You can use this to get an idea of who you might share a lecture with and how they progressed in this subject, here. It's also worth comparing typical A-level subjects and grades students achieved with the current course entry requirements; similarities or differences here could indicate how flexible (or not) a university might be.

Have a question about this info? Learn more here

Post-six month graduation stats:

This is from the Destinations of Leavers from Higher Education Survey, based on responses from graduates who studied the same subject area here.

It offers a snapshot of what grads went on to do six months later, what they were earning on average, and whether they felt their degree helped them obtain a 'graduate role'. We calculate a mean rating to indicate if this is high, medium or low compared to other universities.

Have a question about this info? Learn more here

Graduate field commentary:

The Higher Education Careers Services Unit have provided some further context for all graduates in this subject area, including details that numbers alone might not show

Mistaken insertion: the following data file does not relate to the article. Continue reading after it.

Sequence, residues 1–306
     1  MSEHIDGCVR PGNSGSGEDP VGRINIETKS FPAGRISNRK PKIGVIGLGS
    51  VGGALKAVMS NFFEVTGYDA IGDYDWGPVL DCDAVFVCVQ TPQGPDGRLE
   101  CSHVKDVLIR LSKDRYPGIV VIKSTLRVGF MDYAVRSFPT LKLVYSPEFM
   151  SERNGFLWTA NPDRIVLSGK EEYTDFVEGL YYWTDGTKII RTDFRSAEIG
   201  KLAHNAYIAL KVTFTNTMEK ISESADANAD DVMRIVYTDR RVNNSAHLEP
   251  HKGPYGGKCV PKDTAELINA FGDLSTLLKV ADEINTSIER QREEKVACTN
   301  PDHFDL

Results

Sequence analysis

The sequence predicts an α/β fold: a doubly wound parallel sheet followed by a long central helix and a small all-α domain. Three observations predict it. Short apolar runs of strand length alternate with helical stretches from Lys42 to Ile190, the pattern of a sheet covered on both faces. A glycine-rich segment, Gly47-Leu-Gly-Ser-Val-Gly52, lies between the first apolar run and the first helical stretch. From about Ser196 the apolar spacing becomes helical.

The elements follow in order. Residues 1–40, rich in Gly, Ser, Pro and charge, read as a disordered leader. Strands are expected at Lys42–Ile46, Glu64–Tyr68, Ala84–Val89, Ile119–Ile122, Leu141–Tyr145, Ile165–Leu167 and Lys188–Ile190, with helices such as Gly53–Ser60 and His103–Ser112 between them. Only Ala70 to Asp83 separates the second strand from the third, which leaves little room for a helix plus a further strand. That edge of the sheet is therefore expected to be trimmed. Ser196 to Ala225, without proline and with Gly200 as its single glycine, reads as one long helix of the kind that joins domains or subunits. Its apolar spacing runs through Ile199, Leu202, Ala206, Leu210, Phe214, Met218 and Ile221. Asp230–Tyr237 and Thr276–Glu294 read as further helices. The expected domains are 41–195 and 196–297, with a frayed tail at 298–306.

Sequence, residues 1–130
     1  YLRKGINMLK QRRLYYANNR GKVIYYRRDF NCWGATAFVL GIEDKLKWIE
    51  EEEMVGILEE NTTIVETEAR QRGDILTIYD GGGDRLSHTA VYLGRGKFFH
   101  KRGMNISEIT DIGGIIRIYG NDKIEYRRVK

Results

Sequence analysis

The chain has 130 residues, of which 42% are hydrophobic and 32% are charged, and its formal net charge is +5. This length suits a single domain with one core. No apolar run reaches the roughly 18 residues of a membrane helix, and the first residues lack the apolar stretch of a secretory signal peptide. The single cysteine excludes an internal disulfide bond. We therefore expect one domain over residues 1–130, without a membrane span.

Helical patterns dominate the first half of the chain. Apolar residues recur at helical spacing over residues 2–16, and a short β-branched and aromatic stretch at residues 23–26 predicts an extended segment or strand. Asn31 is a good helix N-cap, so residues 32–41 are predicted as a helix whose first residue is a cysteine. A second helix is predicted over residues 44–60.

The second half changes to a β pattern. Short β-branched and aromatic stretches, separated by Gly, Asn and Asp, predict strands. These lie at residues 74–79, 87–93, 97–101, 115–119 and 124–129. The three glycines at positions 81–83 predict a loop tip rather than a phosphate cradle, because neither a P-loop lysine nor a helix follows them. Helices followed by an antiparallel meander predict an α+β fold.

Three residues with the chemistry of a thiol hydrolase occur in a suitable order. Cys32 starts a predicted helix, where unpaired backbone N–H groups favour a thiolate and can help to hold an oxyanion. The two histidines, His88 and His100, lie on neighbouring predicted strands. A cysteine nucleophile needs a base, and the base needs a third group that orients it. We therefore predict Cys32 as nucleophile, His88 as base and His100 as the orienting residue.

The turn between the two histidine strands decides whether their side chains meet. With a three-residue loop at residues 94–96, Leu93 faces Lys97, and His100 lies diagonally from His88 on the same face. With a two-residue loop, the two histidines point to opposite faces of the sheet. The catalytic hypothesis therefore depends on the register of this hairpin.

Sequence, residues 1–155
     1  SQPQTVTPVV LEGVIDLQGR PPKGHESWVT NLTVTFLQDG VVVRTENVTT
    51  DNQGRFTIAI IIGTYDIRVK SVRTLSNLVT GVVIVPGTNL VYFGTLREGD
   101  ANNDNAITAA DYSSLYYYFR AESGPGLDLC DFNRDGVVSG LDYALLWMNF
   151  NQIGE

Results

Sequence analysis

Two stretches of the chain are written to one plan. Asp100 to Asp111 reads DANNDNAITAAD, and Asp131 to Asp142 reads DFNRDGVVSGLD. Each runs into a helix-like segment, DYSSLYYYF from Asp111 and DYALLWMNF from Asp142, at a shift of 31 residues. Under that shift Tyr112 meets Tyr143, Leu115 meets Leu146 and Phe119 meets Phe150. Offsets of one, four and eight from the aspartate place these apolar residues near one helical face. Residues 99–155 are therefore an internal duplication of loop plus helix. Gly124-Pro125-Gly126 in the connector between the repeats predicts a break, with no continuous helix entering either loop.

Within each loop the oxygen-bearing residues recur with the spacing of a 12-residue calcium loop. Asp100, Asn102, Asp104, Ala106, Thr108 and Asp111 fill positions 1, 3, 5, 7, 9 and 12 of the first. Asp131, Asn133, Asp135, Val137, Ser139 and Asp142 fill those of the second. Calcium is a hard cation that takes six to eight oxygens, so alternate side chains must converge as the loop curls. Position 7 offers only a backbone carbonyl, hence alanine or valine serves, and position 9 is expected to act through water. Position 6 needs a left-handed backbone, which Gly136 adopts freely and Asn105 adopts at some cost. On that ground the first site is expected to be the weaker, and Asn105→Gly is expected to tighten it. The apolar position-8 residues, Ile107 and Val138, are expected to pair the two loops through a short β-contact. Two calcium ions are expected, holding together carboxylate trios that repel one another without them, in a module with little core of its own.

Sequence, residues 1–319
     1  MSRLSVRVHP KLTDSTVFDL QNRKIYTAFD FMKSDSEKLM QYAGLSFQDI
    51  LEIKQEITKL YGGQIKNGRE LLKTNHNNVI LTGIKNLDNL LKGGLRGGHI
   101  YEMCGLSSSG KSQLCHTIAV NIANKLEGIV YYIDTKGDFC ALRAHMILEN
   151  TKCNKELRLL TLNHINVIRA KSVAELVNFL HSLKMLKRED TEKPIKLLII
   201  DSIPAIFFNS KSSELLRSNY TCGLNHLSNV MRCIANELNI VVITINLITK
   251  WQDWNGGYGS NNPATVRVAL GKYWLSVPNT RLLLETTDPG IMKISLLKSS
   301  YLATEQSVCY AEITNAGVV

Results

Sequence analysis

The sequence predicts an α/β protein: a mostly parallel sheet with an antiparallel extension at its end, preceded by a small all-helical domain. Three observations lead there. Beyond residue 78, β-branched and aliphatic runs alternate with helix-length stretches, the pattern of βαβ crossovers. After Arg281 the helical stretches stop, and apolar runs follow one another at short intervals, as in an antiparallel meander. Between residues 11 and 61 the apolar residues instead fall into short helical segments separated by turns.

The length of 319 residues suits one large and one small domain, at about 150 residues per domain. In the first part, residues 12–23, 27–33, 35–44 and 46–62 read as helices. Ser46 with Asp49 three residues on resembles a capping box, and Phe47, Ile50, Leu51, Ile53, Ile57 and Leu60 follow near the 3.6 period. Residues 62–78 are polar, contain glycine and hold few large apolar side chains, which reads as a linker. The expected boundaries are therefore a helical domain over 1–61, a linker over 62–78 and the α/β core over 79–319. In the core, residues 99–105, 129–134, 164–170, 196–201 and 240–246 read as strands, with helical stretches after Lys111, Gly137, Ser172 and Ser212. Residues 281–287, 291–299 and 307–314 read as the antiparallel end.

Have a question about this info? Learn more here

The Longitudinal Educational Outcomes dataset combines HRMC earnings data with student records from the Higher Education Statistics Agency.

While there are lots of factors at play when it comes to your future earnings, use this as a rough timeline of what graduates in this subject area were earning on average one, three and five years later. Can you see a steady increase in salary, or did grads need some experience under their belt before seeing a nice bump up in their pay packet?

Have a question about this info? Learn more here